The deputy chairman of the committee, Hon. Keita, towed the same path with Dabiri-Erewa, adding that Nigerians abroad should not negate their patriotic duty to contribute to national development. “Charity begins at home, so Nigerians overseas should not negate their patriotic or civic duty to contribute to the development of their homeland. This is not the time to attribute blames or point accusing fingers but the time to formulate constructive solutions, and apply them in the process of change. That change historically is initiated by social groups, and for it to happen, we the people need to begin the momentum,” Keita said.
As part of effort geared towards achieving some of the points highlighted at the session, it was agreed that committee called Act Fast should be raised by both parties to work out modalities for the realistaion of the issues raised at the interactive session.
The session also provided an opportunity for the Chairman of Arise Nigeria, Dr. Philip Idaewor, to present an open letter to President Umar Yar’Adua, titled Another Nigerian Killed in Foreign land: Our Foreign Missions must Act, which Hon. Dabiri-Erewa promised to deliver to the president.
However, if the UK launch was successful, the U.S. version was phenomenal, as it turned out a convergence of the leading lights of various Nigerian associations based in the U.S. The launch, tagged Nigerian Town Hall Meeting was held on February 28, at Oakland City Hall, Oakland, California and was hosted by Education Development Opportunities Inc (EDO). The House of Representatives committee was led by its chairperson, Hon. Abike Dabiri-Erewa and accompanied by Honourable Aminu Shehu-Shagari.
Leaders of the various Nigerian associations based in the U.S. that attended the meeting included, President of California Oduduwa Heritage Organisation, Kola Thomas; President California Nigeria Forum, Professor Steve Ugbah; President Benin Association of Northern California, Moses Osawe; President Enugu State Association of Northern California, Nick Agbo; Akwa Ibom State of Nigeria Association, USA (SF chapter), Ekom Effien-Ette; President Abia Union of Northern California and President of All Arochukwu, USA, David Iphie; Vice Chancellor, General Services, Peralta Community College, Auchi Community San Francisco Bay Area, Sadiq Ikharo; Former Regional Social Security Administrator, Emmanuel Ogunleye; President Ndokwa Association in Americaa, Sebastian Oduni ‘Commissioner for Small Business, San Jose,’ California, Molly Uzoh; President Ndokwa Association California, Dr. Echinei Oshionwu and Master of Ceremony Commissioner of Parks and Recreation, City of Oakland, California.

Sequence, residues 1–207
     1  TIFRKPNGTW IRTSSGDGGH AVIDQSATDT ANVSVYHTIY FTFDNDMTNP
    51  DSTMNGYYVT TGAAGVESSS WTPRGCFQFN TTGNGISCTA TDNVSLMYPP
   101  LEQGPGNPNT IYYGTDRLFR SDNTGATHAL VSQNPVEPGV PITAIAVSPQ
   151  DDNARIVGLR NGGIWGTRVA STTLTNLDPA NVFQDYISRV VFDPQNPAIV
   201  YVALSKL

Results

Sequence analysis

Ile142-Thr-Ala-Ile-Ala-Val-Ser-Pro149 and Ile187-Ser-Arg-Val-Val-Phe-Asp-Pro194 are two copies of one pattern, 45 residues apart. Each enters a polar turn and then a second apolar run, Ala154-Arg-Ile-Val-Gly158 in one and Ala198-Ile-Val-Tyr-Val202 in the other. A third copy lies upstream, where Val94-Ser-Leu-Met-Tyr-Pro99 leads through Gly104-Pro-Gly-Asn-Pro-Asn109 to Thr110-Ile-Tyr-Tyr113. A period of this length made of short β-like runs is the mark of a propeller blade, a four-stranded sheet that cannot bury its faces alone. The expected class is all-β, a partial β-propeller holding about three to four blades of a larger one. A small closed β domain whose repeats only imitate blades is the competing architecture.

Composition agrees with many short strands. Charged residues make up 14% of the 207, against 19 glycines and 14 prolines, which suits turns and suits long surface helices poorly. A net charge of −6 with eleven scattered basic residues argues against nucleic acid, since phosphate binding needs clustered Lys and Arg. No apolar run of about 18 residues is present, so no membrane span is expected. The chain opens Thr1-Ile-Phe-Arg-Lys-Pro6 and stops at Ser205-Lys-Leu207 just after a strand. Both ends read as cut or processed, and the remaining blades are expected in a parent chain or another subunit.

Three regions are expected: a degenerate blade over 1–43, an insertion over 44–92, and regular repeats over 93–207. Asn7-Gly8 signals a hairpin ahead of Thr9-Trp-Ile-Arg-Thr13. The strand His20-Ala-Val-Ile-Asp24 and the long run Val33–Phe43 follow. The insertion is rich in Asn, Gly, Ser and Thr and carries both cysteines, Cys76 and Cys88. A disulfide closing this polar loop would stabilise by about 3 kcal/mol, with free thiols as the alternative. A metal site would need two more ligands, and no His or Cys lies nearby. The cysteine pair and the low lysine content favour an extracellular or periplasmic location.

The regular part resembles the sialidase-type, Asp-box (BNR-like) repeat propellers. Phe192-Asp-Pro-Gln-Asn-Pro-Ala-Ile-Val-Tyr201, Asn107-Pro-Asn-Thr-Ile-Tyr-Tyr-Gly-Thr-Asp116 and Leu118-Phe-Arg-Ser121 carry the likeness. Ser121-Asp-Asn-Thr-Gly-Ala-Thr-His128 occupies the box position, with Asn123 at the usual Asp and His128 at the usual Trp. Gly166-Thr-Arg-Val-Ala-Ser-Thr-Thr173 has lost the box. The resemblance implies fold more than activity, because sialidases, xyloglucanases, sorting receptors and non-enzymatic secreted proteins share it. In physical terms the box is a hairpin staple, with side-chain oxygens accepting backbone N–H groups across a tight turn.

The Town Hall meeting highlighted the various contributions of Nigerians and Africans to the economic, stability, cultural diversity as well as the meaningful contributions made collectively by Nigerians in the Diaspora.
The focus of the meeting was on Education, Medical care, Transportation, Power Supply, Housing, and Construction, Steel Industry, Social Services, Information Technology, Film Industry, Tourism, Law and Order, and Conducive business environment.
Founder of EDO, Osagie Enabulele was first to highlight the essence of the gathering, stating that Nigeria could only move forward if Nigerians eschew tribalism. He also made a case to make the Town Hall meeting an annual event.
“It is also our hope and belief that there is a great strength in numbers; the issue of tribalism has no place in our nation if we truly have to move forward as a people. Events like this and several more will be encouraged. We intend to continue having this Town Hall Meeting once every year, moving forward. The country needs the expertise of us all in respective of all our ethnic origins.
“It is also in our future plan to help mobilise so that we can have our own Nigerian Building – Community Center somewhere in the San Francisco Bay area where our children and those coming behind can foster and have closer bonds. Let’s not allow massive ego to hinder our progress and unify ourselves for the betterment of our country and motherland,” said Enabulele.
But Hon, Dabiri-Erewa was more forthcoming in her speech, where she called for closer ties between Nigerians in both the Diaspora and at home as the way forward to move Nigeria forward.
“To better the social economic factors, eradicate poverty, bring down the infant mortality rate, encourage tourism trade, and develop and improve the infrastructures in Nigeria, we must work together. Let us begin in earnest today, through this system database to reach some of these goals,” she said.
The Database of Nigerians Abroad (DNA) is a new concept initiated by the House of Representatives Committee on Diaspora Affairs. It is the first of such launch in the USA and expected to yield more targeted results and synchronise Nigerians abroad for greater participation in national development.
At the end of the meeting, certificates of recognitions were issued to Dabiri-Erewa and Shagari by Californian State Assembly 16th District member, Sander Swanson and Mayor Ron V Dellums, Mayor of the city of Oakland. Enabulele also received recognition from both Swanson and Dellums for hosting the Nigerian Town Hall meeting.